The $21 million local assistance grants program, which was $26 million in prior years and is now capped at $10 million for the next grant cycle, allows for recreation opportunities outside of the SVRAs.  This recreation opportunity is part of what the program was designed to offer.   It is what the visionary leaders that created the OHV Program wanted -- a strong, organized program that included law enforcement, the remediation of land and education with an understanding of where you can recreate legally as a self-funded program.

Annually, the OHV Program receives about $55 million that comes from the Gas Tax.  That gas tax amount is what is used by the recreation community for off-road recreation and was identified as the primary source of funding for the self-funded OHV program and codified in 1972.  The state of California receives about $5.2 billion in Gas Tax each year.  Of that, $55 million goes to OHV.  The remaining OHV Trust Fund receipts are monies from registration fees and SVRA entry fees.

The OHV Program is a $75 million per year program, all from user funding.  The continued diversion of funds from the OHV Trust Fund are beginning to place the program in jeopardy.  The local assistance grants for 2012/2013 grant cycle are 52% lower than the previous grant cycle.

There is no more money to replenish the capital outlay and acquisition account in the trust fund or to retain the required reserve.

The OHV program works so well because local assistance grants go to law enforcement, environmental, educational and OHV opportunities outside the SVRAs.  

The consequences of loss of the local assistance grants program and capital outlay is a rapid disintegration of the SVRA system (the OHV Program) because we will not have enough money to handle the growing need.

The grant funding is provided to local agencies: US Forest Service, Bureau of Land Management, County Sheriff Departments, and numerous non-profit agencies.  This funding is spent in the counties: salaries for workers and purchase of miscellaneous materials for projects.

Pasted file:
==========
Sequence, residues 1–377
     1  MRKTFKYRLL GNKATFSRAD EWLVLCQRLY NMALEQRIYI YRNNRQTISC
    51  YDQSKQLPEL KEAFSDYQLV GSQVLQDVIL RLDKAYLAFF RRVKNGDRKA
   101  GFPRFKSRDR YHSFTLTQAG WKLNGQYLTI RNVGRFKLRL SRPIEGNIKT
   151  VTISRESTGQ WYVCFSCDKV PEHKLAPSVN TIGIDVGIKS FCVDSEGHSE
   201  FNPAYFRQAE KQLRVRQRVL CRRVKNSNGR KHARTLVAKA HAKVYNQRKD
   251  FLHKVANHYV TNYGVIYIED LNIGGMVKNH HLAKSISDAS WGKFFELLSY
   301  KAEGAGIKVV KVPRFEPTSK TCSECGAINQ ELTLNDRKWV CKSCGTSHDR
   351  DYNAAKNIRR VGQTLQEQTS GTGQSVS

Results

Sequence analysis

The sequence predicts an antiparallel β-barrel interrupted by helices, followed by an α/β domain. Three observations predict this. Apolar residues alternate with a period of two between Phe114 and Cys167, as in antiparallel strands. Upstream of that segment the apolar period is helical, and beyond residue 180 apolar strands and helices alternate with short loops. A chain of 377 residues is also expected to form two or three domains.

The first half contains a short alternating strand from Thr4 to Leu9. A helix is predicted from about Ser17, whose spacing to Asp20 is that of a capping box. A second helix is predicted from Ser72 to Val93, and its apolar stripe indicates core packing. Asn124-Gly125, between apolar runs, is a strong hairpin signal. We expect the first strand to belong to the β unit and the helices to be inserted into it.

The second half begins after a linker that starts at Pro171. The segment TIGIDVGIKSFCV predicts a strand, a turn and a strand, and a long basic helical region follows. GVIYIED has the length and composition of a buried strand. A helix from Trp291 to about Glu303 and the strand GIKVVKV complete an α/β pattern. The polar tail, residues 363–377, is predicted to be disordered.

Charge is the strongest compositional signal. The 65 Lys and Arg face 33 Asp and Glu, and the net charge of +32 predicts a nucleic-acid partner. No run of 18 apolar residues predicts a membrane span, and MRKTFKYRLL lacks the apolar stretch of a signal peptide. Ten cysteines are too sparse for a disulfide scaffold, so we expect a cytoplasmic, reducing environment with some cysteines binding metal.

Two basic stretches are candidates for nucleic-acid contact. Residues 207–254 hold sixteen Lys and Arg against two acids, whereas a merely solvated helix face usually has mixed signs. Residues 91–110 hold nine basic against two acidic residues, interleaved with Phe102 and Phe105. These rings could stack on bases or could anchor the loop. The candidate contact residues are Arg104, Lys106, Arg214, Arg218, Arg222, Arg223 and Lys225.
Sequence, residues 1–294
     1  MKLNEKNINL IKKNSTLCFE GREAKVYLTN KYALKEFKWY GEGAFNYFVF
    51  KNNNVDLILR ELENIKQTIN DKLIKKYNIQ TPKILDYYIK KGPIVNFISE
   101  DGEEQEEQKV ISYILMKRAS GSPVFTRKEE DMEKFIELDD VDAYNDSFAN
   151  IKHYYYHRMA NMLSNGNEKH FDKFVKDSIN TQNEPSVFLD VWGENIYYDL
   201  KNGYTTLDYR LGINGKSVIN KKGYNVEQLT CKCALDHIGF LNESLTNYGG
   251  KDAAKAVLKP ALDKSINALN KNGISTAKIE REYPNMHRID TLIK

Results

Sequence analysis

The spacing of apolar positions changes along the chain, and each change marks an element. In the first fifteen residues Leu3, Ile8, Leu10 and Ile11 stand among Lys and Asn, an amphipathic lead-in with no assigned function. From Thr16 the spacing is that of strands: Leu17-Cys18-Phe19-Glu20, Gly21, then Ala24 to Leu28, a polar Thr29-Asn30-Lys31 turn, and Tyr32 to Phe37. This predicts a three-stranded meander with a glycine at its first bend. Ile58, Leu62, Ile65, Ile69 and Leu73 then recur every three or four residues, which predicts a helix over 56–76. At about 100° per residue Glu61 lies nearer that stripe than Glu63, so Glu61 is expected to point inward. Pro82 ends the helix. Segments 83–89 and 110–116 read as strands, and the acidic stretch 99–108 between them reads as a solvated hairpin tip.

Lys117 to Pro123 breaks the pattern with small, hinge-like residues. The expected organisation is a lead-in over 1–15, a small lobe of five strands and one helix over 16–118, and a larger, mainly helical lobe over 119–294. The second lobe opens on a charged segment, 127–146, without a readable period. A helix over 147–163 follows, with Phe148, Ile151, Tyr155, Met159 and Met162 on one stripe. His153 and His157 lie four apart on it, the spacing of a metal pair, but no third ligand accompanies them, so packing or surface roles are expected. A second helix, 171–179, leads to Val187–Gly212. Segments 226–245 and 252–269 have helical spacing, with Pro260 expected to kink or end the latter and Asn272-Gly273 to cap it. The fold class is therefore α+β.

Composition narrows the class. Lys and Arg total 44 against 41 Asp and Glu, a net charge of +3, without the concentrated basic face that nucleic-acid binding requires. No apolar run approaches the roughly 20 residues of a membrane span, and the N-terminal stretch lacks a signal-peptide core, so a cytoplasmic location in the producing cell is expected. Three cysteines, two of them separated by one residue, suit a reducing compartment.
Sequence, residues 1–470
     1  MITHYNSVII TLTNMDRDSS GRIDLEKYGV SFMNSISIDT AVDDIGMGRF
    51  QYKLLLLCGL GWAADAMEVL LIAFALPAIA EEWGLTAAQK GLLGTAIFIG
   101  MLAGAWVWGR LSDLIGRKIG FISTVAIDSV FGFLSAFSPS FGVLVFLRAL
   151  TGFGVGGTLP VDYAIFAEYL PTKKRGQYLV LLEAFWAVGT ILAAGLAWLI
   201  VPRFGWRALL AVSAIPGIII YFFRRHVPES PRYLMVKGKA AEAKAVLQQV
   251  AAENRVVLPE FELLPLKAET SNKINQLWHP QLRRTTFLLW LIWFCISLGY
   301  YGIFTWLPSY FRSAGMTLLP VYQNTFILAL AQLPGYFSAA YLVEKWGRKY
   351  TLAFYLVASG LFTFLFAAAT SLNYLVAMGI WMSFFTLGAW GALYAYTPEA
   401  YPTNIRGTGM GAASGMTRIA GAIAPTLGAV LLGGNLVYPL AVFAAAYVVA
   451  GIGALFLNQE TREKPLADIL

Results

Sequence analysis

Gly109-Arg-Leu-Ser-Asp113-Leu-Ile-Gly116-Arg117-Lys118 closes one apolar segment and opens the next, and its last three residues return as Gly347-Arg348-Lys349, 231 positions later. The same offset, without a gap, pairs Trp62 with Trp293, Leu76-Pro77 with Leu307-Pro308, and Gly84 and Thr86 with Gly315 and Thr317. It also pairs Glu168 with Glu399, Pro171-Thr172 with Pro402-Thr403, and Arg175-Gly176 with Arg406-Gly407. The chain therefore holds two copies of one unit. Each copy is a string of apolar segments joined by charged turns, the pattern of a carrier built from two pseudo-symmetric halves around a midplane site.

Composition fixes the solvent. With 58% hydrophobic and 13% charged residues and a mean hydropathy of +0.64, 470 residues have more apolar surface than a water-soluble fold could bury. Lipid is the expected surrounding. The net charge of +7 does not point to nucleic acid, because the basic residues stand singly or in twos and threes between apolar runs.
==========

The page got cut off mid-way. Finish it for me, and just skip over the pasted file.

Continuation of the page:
An Economic Analysis shows the financial contribution of the local assistance grants program to the county.  The California State OHV Program is a positive economic impact in counties where OHV recreation opportunities occur.

Since the beginning of the OHV Program, funds designated for OHV have been diverted for other purposes within Parks. The fundamental program changes in SB 742 (chaptered in 2008) halted flagrant abuse and manipulation of the OHV program for other than supporting OHV recreation opportunity.

Even a casual reading of the  2005 Audit shows that State Parks and Division have not fairly served the interests of the OHV community in California and have flagrantly disregarded the intent of the laws that govern the OHV Program. Tens of millions of dollars of revenue generated by the OHV community and entrusted to the Division have been improperly siphoned away from the OHV Program to pay for other items unrelated to the OHV Program. For example, the Auditors found the following major items:

-- OHV Trust Funds have been spent to fund California State Parks where no motorized off-road vehicle use is allowed. In one case, OHV Trust Funds were allocated to an off-shore island where no vehicle use is permitted or has ever been known to take place. As noted in the audit (page 64, paragraph 1), “…relevant provisions of the Revenue and Taxation Code that define the intent of the Legislature with respect to spending OHV Trust Funds money state that those funds should be used to support recreation areas on surfaces where both street-licensed and off-highway motor vehicles can engage in recreation.” The Legislature’s intent clearly limits the expenditure of OHV Trust Funds money to support the off-highway use of street-licensed vehicles only in areas where traditional off-highway vehicles are used and to take various actions to mitigate the impacts of that use. The State Parks was unable to provide adequate documentation or formal assessments to support charges to the OHV Trust Funds. With its action, Department of Parks and Recreation has exceeded its authority and used OHV Trust Funds money inappropriately.